Last semester, as the protests that began in Ferguson, Missouri, began to spread across the country and coalesce into the movement that is now colloquially referred to as #BlackLivesMatter, I was teaching a course on social movements and a course on citizenship, or full membership in political community. As I followed the news coverage of actions taken in Ferguson in the wake of the murder of Michael Brown, I felt that these emerging events must be incorporated into my courses. The #BlackLivesMatter protests were directly relevant to the content of the courses I was teaching. I thought that by illustrating course content with contemporary examples, students would become more engaged in studying course materials.
On the whole, students were broadly sympathetic to the main goals of the movement: increased accountability for police officers who use force against the populations they have sworn to protect and ending racially discriminatory police practices. However, when students did voice an objection to the movement, it wasn’t focused on the goals but instead on the tactics. They would ask me, “Why shut down freeways? Why protest at the Mall of America? What does any of that have to do with cops and white supremacy?”
It’s an honest question coming from students who are just learning about civil disobedience and the disruptive tactics used by social movements. Technically, neither shutting down freeways nor staging a die-in at the Mall of America qualifies as civil disobedience. Civil disobedience only occurs when people break a law they believe is unjust and accept the consequences of breaking the law because they believe doing so will demonstrate the injustice of the law. Since the #BlackLivesMatter protesters (myself included) are not illustrating the injustice of traffic laws or trespassing laws, these disruptive protests do not meet the strict definition of civil disobedience. My students who were attempting for the first time to grapple with the concept did have a point there.
This is a common dismissal of the actions taken by the #BlackLivesMatter activists and protesters: There isn’t a close connection between the grievances they voice and the disruptions that they are causing. Their (our) actions are seen as misguided or arbitrary, not as focused or legitimate as similar actions by earlier civil rights activists (like the lunch counter sit-ins in the South). However, what is missed in this dismissal of the disruptive tactics of the #BlackLivesMatter movement is the fact that formal, legal conditions have changed.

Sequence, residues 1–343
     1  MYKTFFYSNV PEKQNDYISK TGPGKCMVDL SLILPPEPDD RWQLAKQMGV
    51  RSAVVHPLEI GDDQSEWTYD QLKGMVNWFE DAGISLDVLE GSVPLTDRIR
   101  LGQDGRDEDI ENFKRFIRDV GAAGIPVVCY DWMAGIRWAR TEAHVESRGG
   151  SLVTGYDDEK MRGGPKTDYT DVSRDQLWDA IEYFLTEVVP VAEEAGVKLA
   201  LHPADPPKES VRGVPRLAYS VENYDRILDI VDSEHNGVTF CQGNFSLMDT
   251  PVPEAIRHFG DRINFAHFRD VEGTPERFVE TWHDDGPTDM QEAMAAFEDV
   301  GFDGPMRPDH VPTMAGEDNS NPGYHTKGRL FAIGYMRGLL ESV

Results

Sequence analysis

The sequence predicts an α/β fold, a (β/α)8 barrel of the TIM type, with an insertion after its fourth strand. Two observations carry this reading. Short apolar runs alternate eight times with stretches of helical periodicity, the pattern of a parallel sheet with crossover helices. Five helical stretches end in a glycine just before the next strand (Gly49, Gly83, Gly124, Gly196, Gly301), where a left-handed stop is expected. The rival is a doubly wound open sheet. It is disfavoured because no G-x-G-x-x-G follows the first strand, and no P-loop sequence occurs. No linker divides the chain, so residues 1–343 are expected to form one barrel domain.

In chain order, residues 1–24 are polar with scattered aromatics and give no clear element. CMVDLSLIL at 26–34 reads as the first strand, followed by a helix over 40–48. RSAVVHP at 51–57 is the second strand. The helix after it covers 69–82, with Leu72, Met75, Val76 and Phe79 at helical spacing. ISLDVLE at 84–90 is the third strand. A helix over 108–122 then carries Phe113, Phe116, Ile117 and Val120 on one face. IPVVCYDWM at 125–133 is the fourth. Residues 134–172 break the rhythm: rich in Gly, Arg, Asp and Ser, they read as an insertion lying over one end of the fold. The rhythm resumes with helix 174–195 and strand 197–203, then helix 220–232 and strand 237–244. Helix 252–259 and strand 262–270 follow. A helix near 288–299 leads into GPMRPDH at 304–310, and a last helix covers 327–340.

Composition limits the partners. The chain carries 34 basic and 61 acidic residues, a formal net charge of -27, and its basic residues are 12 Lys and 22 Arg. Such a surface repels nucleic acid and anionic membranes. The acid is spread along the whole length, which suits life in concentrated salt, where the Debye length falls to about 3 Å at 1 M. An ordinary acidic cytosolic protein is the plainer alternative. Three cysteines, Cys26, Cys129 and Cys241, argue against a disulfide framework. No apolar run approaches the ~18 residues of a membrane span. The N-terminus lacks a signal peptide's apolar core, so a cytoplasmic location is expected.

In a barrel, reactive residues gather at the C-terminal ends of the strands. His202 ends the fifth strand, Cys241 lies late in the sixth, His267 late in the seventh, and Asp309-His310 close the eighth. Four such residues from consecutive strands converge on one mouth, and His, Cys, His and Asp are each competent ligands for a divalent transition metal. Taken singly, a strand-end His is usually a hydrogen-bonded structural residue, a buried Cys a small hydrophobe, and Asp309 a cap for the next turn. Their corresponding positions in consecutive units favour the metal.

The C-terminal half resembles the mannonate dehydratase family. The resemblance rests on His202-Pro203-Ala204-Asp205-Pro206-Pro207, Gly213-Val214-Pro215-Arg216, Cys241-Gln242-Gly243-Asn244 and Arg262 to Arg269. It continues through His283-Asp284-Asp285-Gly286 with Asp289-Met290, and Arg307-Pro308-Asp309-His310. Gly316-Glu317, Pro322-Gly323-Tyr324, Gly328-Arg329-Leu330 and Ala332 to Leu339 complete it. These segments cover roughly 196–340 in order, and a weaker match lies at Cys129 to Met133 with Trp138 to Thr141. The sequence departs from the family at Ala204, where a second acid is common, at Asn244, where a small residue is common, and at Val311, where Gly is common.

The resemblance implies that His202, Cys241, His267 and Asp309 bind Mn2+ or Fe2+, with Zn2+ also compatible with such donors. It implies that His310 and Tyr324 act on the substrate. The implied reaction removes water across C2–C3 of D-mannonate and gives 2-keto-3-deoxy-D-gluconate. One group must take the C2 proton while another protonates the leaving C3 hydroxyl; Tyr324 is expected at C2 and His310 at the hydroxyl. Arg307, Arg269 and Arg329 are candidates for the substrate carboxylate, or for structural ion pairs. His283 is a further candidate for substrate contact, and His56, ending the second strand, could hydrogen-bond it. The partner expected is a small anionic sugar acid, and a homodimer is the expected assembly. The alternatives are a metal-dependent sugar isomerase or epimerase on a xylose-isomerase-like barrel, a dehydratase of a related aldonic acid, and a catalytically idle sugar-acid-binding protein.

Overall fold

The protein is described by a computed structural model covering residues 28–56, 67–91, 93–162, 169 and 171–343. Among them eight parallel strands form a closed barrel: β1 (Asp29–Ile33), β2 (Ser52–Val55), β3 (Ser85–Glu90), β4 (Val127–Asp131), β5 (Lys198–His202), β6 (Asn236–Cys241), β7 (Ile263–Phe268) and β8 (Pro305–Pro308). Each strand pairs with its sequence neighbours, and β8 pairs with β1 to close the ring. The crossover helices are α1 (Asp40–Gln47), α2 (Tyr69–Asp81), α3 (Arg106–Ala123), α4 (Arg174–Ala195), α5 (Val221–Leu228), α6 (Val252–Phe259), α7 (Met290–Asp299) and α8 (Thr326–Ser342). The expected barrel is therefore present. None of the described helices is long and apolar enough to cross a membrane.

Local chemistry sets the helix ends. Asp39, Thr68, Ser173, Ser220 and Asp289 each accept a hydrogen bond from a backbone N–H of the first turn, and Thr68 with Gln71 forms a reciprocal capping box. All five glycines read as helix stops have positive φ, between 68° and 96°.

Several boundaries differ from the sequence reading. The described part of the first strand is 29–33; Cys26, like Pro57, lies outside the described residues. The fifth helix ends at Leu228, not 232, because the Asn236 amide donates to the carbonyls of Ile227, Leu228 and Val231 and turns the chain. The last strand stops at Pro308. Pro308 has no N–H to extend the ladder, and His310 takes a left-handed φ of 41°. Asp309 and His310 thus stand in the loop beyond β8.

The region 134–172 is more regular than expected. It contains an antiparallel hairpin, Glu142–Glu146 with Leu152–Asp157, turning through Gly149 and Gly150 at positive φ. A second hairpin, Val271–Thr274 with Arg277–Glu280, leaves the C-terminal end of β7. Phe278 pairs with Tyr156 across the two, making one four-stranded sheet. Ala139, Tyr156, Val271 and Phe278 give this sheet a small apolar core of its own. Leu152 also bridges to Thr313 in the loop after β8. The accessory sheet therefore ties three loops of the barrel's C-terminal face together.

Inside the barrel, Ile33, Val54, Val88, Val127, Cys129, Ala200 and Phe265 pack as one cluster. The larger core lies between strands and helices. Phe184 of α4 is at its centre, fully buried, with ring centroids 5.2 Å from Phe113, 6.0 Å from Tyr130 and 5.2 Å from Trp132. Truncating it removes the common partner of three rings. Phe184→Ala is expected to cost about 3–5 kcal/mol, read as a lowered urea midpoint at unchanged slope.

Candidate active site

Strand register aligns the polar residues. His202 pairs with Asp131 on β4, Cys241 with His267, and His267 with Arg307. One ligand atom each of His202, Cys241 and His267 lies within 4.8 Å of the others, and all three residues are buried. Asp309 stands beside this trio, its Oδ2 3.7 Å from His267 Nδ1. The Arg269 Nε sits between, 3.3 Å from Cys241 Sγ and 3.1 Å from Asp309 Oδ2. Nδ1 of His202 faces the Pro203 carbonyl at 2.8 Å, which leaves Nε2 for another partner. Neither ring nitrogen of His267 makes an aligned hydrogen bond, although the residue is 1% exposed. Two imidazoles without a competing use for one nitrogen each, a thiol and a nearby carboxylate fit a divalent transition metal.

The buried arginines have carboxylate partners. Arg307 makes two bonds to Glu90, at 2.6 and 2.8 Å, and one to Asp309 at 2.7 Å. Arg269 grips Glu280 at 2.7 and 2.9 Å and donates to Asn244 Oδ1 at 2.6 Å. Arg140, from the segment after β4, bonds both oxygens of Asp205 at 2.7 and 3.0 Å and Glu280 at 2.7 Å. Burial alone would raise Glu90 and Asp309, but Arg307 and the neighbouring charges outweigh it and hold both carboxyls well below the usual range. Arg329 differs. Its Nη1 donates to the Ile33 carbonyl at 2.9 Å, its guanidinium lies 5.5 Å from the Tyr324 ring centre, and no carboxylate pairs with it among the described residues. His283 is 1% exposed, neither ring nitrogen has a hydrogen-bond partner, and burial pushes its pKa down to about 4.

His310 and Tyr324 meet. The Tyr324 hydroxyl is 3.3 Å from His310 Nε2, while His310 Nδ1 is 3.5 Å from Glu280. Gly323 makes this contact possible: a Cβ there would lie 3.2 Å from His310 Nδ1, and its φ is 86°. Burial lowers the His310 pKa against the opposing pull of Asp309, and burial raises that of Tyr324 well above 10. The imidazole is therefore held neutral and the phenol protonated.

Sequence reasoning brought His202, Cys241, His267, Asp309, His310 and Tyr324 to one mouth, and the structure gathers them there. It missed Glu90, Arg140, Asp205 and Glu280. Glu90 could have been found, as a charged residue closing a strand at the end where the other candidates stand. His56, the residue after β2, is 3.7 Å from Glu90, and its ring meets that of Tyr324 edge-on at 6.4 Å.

Injustice while laws appear just
Explicitly racially discriminatory laws are now illegal. Because the earlier civil rights movement managed to achieve formal, legal equality, breaking explicitly racist laws as an act of civil disobedience is much more difficult to do. Our laws often seem just on paper, but perpetuate injustice in their practice (through discriminatory uses of police discretion and differential treatment throughout the process of prosecution and punishment). How can protesters use civil disobedience to illustrate injustice when the laws appear neutral without actually being so in practice?
At the same time that the laws in our country have changed, so has changed the way racism works in this country. Whereas before white supremacy was formally enshrined in many laws that were easier to point to as explicitly unjust, conditions have changed such that white supremacy is built into our informal practices in more subtle and diffuse ways. Much important research has been done on unconscious bias and the way it shapes interpersonal interaction. We now know that growing up in a society in which negative and pervasive stereotypes of people of color — and especially black people — are pervasive causes all people (including well-meaning white people and people of color themselves) to internalize negative associations that impact their judgments about and interactions with others. This learned unconscious bias benefits whites and disadvantages people of color, even in the absence of explicitly racially discriminatory laws.
White supremacy is so deeply a part of our social structure that any disruption of “business as usual” can be understood as an opportunity to make us conscious of the continued oppression of people of color in the United States. Actions such as freeway closures and die-ins may not strictly qualify as civil disobedience, but in a culture that promotes the internalization of unconscious biases against people of color — and especially black people — disrupting the normal, day-to-day functions of society can be seen as vitally necessary to help us wake up from our unconscious acceptance of how things are and work toward a more just and inclusive political community.
Charges should be dropped
It’s for these reasons that I stand with the MOA 11. I urge the City of Bloomington and Mall of America to drop all of the charges against the protesters. I also encourage everyone who can to stand with the protesters at their hearings in the Hennepin County Courts. For more information about attending the hearings, go here.
Kathleen Cole, Ph.D., is a political science professor in the Social Science Department at Metropolitan State University. Her views do not necessarily represent the views of her employer. Although she has participated in protest actions organized by Black Lives Matter Minneapolis, she is not an organizer and does not speak on the behalf of the group.
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